STUDY Question 60:
Should we not cut any trees at all?
STUDY: All responses indicate that some cutting of trees
is necessary to supply human needs. One response states
that logging should be done only on private lands while
others suggest that non-wood fibers be used first as
an alternative to tree fibers. Still others emphasize
the importance of managing forests to provide a sustainable
a social and economic perspective, our National Forests
are far more valuable standing, growing, dying, and
regenerating where they are than cut down and converted
into two by fours and paper products. National forests
provide many social and economic contributions to the
nation, simply by existing as natural ecosystems. -
National Forest Protection Alliance
we? - Michael Snyder, Forester
many cases trees are an important and effective source
of fiber. - Victoria Mills, Project Manager, Corporate
Partnerships, Environmental Defense
is the most environmentally-friendly source of building
materials and fiber available. Compared with other materials
(steel, concrete, non-tree fibers), wood requires less
energy, creates less pollution, and is recyclable and
biodegradable. In a managed forest we can maintain almost
all biodiversity values, while those dependent on old
growth or wilderness can be maintained in special management
areas (mostly public lands). - Robert R. Bryan, Forest
Ecologist, Maine Audubon
should cut and harvest trees sustainably to help protect
the environment. Harvesting trees through sustainable
forestry practices increases the use of greenhouse gas
neutral materials, provides rural communities with valuable
income, and supports a tremendous volume of recyclable
consumer goods. In fact, if we were to stop cutting
trees to make paper in America there would be opportunities
for less developed countries to cut trees at an unsustainable
pace and, for the large part, in an unsustainable manner.
In addition, small non-industrial private landowners
in the US would lose revenue generated from growing
forests. Stopping the cutting of trees would actually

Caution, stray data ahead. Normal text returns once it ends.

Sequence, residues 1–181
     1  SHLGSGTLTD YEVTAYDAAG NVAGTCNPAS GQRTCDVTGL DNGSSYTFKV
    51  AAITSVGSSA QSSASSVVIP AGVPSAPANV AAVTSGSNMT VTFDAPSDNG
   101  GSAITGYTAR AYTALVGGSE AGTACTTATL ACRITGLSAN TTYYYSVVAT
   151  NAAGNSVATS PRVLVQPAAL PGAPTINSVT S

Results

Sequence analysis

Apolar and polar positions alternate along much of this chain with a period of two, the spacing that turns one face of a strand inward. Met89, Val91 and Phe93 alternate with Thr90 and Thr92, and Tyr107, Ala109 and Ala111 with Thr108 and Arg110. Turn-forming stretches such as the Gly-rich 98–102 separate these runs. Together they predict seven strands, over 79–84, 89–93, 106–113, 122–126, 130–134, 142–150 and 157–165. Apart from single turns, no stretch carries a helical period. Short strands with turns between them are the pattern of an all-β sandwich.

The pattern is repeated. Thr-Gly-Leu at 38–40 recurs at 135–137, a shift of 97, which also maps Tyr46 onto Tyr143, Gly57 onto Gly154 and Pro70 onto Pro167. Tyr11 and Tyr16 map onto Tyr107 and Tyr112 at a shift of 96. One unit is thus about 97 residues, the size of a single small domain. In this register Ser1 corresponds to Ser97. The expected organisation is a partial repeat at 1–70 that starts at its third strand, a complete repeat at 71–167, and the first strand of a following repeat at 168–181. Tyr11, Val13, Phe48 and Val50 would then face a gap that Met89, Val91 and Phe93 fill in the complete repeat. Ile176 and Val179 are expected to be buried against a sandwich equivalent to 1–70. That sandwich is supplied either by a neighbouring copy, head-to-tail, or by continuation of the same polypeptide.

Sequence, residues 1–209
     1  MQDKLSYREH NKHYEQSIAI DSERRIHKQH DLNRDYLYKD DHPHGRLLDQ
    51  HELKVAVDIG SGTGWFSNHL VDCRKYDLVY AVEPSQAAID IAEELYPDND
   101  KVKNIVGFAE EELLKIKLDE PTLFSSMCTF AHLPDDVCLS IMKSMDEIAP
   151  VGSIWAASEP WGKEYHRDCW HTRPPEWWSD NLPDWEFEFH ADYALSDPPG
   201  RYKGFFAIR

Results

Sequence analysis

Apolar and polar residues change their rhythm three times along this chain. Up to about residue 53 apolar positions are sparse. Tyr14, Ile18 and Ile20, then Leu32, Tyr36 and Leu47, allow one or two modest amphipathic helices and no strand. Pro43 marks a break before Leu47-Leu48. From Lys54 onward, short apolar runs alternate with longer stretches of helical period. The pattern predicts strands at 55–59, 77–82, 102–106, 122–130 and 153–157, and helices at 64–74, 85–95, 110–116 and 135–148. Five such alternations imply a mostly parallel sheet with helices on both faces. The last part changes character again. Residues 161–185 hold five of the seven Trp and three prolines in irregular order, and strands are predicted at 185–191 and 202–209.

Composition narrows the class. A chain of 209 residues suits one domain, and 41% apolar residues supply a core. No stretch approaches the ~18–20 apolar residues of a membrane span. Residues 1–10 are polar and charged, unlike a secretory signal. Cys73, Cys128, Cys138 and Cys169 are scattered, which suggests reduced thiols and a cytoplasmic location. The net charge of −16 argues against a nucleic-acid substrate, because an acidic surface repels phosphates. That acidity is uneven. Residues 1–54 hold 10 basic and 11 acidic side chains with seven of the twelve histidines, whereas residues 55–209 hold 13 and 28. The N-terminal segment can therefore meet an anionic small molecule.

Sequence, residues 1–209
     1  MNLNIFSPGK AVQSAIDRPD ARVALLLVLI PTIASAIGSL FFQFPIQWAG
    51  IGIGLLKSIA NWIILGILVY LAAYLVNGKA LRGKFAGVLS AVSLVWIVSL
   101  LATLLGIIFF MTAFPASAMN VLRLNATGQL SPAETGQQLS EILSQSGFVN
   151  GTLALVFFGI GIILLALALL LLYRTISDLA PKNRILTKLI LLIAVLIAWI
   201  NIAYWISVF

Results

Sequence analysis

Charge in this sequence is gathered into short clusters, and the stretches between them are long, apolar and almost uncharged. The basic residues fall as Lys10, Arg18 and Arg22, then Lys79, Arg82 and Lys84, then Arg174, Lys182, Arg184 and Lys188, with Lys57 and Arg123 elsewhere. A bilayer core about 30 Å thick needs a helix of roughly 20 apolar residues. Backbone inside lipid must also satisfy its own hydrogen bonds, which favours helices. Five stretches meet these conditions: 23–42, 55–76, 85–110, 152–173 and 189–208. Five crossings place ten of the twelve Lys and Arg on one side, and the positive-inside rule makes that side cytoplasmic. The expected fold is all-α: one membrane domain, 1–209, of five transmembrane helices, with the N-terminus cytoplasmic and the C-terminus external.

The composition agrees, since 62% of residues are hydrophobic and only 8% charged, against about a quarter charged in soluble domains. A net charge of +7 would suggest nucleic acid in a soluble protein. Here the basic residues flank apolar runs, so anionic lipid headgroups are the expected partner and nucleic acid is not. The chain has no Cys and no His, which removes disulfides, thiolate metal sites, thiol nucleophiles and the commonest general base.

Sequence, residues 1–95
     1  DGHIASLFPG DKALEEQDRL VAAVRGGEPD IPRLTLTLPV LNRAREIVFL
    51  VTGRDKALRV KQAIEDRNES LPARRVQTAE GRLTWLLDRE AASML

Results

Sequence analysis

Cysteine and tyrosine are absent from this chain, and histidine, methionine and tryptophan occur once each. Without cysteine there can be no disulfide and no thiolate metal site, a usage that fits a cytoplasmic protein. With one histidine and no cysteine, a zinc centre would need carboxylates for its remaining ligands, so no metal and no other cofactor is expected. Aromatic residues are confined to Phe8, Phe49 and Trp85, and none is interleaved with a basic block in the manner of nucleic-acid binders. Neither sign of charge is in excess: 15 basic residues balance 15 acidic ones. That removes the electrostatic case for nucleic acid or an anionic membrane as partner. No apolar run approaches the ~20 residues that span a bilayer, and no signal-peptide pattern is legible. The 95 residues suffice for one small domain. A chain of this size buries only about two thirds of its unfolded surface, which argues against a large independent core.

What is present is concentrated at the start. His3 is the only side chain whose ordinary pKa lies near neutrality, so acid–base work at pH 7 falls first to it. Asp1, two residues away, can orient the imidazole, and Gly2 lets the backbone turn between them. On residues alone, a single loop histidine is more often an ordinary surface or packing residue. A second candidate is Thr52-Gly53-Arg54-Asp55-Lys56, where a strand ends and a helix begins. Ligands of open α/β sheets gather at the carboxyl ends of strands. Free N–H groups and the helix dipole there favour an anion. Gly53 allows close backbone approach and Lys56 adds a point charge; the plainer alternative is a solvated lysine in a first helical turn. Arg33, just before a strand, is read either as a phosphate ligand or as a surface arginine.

create an incentive for landowners to sell their forestlands
for development and permanently eliminate the forest.
- International Paper
need wood for a wide variety of purposes and will continue
to cut trees. However, we may not need to cut trees
for paper if we use non-tree fibres and recycled paper.
- Susan Hammond, Executive Director, Silva Forest
should cut trees to supply needs that cannot be met
with post-consumer or other fibers. - Frank Locantore,
are a renewable resource and with sustainable forest
management can provide us with the fiber we need for
paper, building, fuel, and other uses. These sustainably
managed forests also provide us with additional benefits
such as enhanced wildlife habitat, increased forest
vigor, recreation opportunities and forest fire prevention.
- Stora Enso
are those who argue that we should cut fewer trees and
use less wood and that this would be good for the environment.
A closer look at how we use wood and other resources
reveals just the opposite - that we should be growing
more trees and using more wood, not less. In particular,
if we use less wood we will inevitably use more nonrenewable
materials and fuels to build and maintain our civilization.
. . .
Deforestation is a difficult
subject for the forest industry because it certainly
looks deforested when all the trees are cut down in
a given area. But it's only deforested if the area is
not reforested. . . . Deforestation means the permanent
removal of the forest, the most common cause of which
is clearing for agriculture and cities. . . .
Preventing the further
loss of the world's forests has little to do with forestry
and everything to do with managing our population, growing
more food on less land, and ending urban sprawl. . .
. A large parking lot is the ultimate in deforestation
and the automobile is arguably the most destructive
technology ever invented by the human species. . . .
- Transcript from Trees Are the Answer, video
hosted by Dr. Patrick Moore, Green Spirit, 2001